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editorial: assorted

From: Barclay, Daniel <daniel@fgm.com>
Date: Fri, 30 Jan 2009 15:58:45 -0500
Message-ID: <49836A05.80705@fgm.com>
To: <www-tag@w3.org>
Regarding the document "The Self-Describing Web" at
http://www.w3.org/2001/tag/doc/selfDescribingDocuments-2008-12-03 :

Section 4.2.2 begins:

   [Microformats] provide a simple means of marking up ...

instead of:

   Microformats [Microformats] provide a simple means of marking up ...

(as sections 4.2.3 and 5 begin:

    XML Namespaces [XMLNamespaces] facilitate the creation ...


   RDF [RDF] provides an interoperable means ...


The last sentence in section 5 seems to have a similar, though slightly
different, problem:

   [NamespaceDocuments] describes this technique in more detail.

If the document were using numbered reference keys (in the brackets), that
would become something like:

   [123] describes this technique in more detail.

That's more clearly wrong (if that's not clear, recall that "[123]" meant
a superscripted "123"), and should instead be:

   Reference 123 describes this technique ...


   _Associating Resources with Namespaces_ [123] describes this technique ...

However, applying the first pattern would yield:

     Reference NamespaceDocuments describes ...

which doesn't work.

Probably the sentence in question should read:

   _Associating Resources with Namespaces_ [NamespaceDocuments] describes ...

(where the underlines denote italicization).

Section 4.2.3 refers to "XML tag names"; that should at least be "XML element
names."  (Technically, they're "element type names" per the XML specification,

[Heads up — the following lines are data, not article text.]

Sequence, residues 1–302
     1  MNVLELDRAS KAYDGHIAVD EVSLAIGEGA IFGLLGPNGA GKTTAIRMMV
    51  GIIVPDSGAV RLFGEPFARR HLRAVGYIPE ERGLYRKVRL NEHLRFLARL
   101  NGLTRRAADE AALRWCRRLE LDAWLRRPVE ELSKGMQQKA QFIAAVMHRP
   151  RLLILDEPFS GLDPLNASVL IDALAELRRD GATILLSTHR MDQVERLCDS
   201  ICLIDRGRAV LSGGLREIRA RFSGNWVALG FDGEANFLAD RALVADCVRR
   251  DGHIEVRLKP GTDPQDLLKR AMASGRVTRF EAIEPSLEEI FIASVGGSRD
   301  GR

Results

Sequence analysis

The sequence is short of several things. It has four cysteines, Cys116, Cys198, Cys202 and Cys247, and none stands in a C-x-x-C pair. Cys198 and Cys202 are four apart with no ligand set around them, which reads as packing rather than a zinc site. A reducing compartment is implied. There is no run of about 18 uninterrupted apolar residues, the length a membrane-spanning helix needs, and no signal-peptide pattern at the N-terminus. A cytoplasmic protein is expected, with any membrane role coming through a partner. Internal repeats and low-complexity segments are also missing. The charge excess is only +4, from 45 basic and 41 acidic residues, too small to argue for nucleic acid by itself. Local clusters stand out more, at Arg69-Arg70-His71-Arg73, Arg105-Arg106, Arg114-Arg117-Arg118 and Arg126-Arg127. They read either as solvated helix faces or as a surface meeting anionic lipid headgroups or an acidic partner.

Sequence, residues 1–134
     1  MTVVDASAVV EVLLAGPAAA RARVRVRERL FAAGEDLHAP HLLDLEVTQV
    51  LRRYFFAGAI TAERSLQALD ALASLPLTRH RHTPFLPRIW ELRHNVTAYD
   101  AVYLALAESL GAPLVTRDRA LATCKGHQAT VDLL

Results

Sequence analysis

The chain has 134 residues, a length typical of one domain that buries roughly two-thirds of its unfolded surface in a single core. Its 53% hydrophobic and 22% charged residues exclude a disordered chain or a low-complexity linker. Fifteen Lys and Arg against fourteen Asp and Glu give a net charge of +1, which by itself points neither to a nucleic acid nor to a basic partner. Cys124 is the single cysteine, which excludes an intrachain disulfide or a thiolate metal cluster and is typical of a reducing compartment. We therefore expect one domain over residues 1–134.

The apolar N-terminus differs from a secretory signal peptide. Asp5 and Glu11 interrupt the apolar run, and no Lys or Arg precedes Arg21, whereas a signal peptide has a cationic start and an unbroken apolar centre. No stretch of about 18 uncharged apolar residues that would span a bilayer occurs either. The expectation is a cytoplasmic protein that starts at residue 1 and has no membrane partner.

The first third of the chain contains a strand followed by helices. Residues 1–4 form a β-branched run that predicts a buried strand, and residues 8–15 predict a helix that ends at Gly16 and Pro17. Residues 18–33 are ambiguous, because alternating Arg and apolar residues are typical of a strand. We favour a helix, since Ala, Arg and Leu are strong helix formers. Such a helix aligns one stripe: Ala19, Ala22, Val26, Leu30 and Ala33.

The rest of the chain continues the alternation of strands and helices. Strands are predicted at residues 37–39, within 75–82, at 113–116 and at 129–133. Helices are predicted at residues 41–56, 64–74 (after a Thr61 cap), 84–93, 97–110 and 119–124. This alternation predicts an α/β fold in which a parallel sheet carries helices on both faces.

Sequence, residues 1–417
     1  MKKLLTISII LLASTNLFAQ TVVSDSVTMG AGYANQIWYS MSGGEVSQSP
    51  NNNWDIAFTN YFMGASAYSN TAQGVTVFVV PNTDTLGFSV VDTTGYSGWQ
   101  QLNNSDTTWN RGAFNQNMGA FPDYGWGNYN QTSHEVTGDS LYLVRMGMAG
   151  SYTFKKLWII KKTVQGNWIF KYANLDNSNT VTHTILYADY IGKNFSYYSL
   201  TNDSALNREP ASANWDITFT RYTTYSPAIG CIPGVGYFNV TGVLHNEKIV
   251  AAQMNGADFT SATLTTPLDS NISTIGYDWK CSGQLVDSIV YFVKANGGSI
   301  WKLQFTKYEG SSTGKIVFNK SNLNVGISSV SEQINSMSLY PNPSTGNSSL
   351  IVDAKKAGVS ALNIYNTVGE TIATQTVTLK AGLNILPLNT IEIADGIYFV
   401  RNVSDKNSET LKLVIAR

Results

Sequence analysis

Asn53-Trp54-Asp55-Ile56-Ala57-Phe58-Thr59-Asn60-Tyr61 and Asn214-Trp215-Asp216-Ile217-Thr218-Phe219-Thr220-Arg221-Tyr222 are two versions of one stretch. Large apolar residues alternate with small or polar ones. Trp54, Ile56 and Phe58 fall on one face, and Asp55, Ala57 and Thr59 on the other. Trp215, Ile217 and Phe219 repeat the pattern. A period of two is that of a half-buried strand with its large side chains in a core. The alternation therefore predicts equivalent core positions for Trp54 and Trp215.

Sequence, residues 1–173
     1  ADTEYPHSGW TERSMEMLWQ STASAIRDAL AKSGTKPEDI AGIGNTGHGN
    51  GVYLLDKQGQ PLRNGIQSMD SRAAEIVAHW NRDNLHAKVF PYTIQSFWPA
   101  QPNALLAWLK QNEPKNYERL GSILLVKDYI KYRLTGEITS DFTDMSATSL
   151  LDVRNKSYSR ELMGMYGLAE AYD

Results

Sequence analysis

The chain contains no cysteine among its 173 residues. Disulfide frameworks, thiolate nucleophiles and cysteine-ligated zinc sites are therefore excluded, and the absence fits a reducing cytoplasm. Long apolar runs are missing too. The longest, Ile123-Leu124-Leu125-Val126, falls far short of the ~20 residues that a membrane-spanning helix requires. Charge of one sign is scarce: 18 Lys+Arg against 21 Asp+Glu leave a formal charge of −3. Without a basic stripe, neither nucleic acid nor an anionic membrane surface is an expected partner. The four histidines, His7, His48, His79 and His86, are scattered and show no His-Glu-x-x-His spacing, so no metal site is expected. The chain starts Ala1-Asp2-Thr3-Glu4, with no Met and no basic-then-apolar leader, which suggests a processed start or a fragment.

but, admittedly, not all the follow-on XML specifications use that term.)

Section 4.2.3 also says:

   Qualified names map to expanded names such as
   {http://example.org/inventoryNamespace,inventoryItem}, comprised of a
   namespace name URI (http://example.org/inventoryNamespace) and a local
   name (inventoryItem).

The occurrence of "comprise of" there should be "comprised" (the current
usage is backwards).

The relationship between expanded names what one comprises might be clearer
if the first part of the sentence used singular terms:

   A qualified names maps to an expanded name such as
   {http://example.org/inventoryNamespace,inventoryItem}, comprising a
   namespace name URI ... and a local  name ...

(You could certainly clarify that in other ways, e.g.,

   Qualified names map to expanded names such as
   {http://example.org/inventoryNamespace,inventoryItem}.  A qualified name
   comprises ...


Several occurrences of "e.g." and "i.e." aren't punctuated with the standard
following commas.

Not all the URIs in the reference section are links (to make them convenienct
to the normal degree).

(Plain text sometimes corrupted to HTML "courtesy" of Microsoft Exchange.) [F]
Received on Friday, 30 January 2009 20:59:53 UTC

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